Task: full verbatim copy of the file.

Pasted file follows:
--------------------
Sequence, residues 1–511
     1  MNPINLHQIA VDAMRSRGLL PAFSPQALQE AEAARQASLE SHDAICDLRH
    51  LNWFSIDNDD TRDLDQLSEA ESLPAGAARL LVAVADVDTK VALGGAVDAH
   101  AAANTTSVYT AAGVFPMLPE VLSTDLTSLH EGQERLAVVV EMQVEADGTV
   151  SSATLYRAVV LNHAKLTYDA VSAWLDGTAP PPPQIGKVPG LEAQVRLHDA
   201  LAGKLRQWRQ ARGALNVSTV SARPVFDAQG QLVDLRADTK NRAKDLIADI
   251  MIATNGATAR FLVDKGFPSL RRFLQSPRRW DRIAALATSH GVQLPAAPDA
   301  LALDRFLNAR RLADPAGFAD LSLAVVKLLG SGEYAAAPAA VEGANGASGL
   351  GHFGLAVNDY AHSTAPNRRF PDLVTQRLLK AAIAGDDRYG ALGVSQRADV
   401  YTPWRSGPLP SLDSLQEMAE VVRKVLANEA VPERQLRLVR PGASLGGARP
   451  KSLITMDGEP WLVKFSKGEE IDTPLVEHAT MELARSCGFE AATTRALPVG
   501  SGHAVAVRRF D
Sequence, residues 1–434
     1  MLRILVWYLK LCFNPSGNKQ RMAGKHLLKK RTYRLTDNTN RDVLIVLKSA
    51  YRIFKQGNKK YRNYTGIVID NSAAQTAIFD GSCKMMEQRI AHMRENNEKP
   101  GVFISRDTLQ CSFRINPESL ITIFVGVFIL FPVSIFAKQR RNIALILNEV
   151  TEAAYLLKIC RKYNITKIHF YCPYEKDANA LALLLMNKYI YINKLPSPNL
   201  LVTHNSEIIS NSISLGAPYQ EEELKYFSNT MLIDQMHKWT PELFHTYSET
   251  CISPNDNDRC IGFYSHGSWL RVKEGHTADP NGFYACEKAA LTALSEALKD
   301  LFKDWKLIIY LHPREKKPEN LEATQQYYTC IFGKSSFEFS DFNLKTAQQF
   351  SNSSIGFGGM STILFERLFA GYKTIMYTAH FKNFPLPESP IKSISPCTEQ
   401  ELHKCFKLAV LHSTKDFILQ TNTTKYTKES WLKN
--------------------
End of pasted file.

Sequence, residues 1–511
     1  MNPINLHQIA VDAMRSRGLL PAFSPQALQE AEAARQASLE SHDAICDLRH
    51  LNWFSIDNDD TRDLDQLSEA ESLPAGAARL LVAVADVDTK VALGGAVDAH
   101  AAANTTSVYT AAGVFPMLPE VLSTDLTSLH EGQERLAVVV EMQVEADGTV
   151  SSATLYRAVV LNHAKLTYDA VSAWLDGTAP PPPQIGKVPG LEAQVRLHDA
   201  LAGKLRQWRQ ARGALNVSTV SARPVFDAQG QLVDLRADTK NRAKDLIADI
   251  MIATNGATAR FLVDKGFPSL RRFLQSPRRW DRIAALATSH GVQLPAAPDA
   301  LALDRFLNAR RLADPAGFAD LSLAVVKLLG SGEYAAAPAA VEGANGASGL
   351  GHFGLAVNDY AHSTAPNRRF PDLVTQRLLK AAIAGDDRYG ALGVSQRADV
   401  YTPWRSGPLP SLDSLQEMAE VVRKVLANEA VPERQLRLVR PGASLGGARP
   451  KSLITMDGEP WLVKFSKGEE IDTPLVEHAT MELARSCGFE AATTRALPVG
   501  SGHAVAVRRF D
Sequence, residues 1–434
     1  MLRILVWYLK LCFNPSGNKQ RMAGKHLLKK RTYRLTDNTN RDVLIVLKSA
    51  YRIFKQGNKK YRNYTGIVID NSAAQTAIFD GSCKMMEQRI AHMRENNEKP
   101  GVFISRDTLQ CSFRINPESL ITIFVGVFIL FPVSIFAKQR RNIALILNEV
   151  TEAAYLLKIC RKYNITKIHF YCPYEKDANA LALLLMNKYI YINKLPSPNL
   201  LVTHNSEIIS NSISLGAPYQ EEELKYFSNT MLIDQMHKWT PELFHTYSET
   251  CISPNDNDRC IGFYSHGSWL RVKEGHTADP NGFYACEKAA LTALSEALKD
   301  LFKDWKLIIY LHPREKKPEN LEATQQYYTC IFGKSSFEFS DFNLKTAQQF
   351  SNSSIGFGGM STILFERLFA GYKTIMYTAH FKNFPLPESP IKSISPCTEQ
   401  ELHKCFKLAV LHSTKDFILQ TNTTKYTKES WLKN